YIDIY: Alex Ciobanu & the Jedi H500P Build

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PC cases speak to us all in different ways. How well they silently appeal to our unique affections is part of what fuels our decisions when buying. The Cooler Master H500P whispered something special to Alex Ciobanu of Simple Modz. After cutting, fabricating and hand-finishing the chassis, he was left with something incredibly unique. All we can say, “The Force is strong in this one!”

Born in Romania, Alex has moved around a bit, but now calls Australia his home. He’s an avid modder at 26 years old. But when he’s not building new rigs, he’s creating content for his new YouTube channel where he does reviews for PC cases and motherboards. Alex is also a hardcore gamer who loves to play his favorites like PUBG, Fallout, and The Witcher series. Gaming was his gateway into the mod scene, which eventually led Alex to fully explore liquid cooling and case modding.

Today we’re featuring his impressive H500P Jedi Order. It expresses a distinct styling and inspiration that is irrefutably “Star Wars.” Ironically, the theme is based on NVIDIA’s own Star Wars branded Titan Xp Collector’s Edition video cards. Below, Alex shares what inspires him, how he works, and how several of his skills were leveraged to push this build across the finish line. Also be sure to check out his equally mesmerizing time lapse build video on his YouTube channel.


Jedi H500P Specs

Component Product
Chassis Cooler Master MasterCase H500P
Graphics Card GeForce GTX 1080Ti Founders Edition
CPU Intel Core i9-7900X
Motherboard MSI X299 Gaming Pro Carbon
RAM 32GB Apacer Panther Rage (4x8) 3000MHz
Storage 240GB Apacer Panther AS330
2x 500GB Samsung 960 EVO
2x 2TB Seagate FireCuda
Power Cooler Master V850
Other Custom water cooling by Singularity Computers and Bitspower
Custom cables and lighting by CableMod

When did you first get into PCs?

I’ve been into PCs my whole life. Growing up in Romania, we only had PCs to game on. Consoles back then were not really popular in my friends group, so I gamed a lot on PC.

How long have you been modding?

I build my first PC in 2012 and did my first case mod in 2014 – I haven’t looked back since.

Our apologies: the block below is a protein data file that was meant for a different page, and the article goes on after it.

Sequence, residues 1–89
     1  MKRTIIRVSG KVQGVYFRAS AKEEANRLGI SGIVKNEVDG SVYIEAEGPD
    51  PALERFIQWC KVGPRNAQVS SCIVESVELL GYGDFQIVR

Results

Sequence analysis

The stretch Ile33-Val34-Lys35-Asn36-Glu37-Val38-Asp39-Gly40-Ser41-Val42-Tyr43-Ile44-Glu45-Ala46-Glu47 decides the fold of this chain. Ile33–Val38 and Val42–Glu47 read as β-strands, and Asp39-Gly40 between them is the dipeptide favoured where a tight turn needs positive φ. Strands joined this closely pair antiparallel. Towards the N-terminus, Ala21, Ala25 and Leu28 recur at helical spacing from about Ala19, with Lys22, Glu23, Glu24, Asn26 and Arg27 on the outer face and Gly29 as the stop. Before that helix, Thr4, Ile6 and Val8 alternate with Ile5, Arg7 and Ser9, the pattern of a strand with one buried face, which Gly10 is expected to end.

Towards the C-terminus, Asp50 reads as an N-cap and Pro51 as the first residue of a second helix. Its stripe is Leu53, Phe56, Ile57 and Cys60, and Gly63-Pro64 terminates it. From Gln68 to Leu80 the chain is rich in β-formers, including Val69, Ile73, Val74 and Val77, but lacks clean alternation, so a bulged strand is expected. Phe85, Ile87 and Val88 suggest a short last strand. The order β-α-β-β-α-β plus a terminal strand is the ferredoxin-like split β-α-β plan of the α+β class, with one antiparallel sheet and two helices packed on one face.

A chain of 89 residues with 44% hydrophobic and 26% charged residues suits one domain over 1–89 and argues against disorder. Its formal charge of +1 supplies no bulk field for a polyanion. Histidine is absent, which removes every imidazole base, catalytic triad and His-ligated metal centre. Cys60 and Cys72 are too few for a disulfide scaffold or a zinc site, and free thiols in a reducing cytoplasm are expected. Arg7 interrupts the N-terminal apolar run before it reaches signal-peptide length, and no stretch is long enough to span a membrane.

I always wanted to improve something on my existing PC. Make it look nicer, run faster and cooler or quieter, and once I got the bug I couldn’t stop.

My first case mod was the Vault Boy in the Bitfenix Prodigy – I still think it was some of my best work and passion that went into that build :D

I’ve been modding for over 4 years now and I still feel super excited when I start a new project, and find myself at my best while just enjoying my passion and working on PCs, no matter how much time it takes up out of my day.

What’s your favorite part about modding?

I enjoy pretty much all aspects of case modding, but what I enjoy the most is trying out something different, that I’ve never done before. Whether it’s something that I’ve seen someone else do or something completely new, just trying out something for the first time and giving it your best, then starting at whatever it is you created is a really good feeling, no matter how good or bad it is.

When it comes to the actual stages of case modding however, the best part for me is just before I fill up the loop. At this point all the cable management is pretty much done, which is always a nightmare for me, and I look at the build nearly finished, set up all my paper towel precautions in case there are any accidental leaks and I start filling it.

Flicking the power supply switch for the first time, watching the fluid start flowing as you continue to fill it – it’s just all the time and effort that’s gone into creating a PC that’s truly unique comes to life, and it makes it all worth it!

Who were some modders you looked to for inspiration early in your career? What advice do you now have for aspiring modders?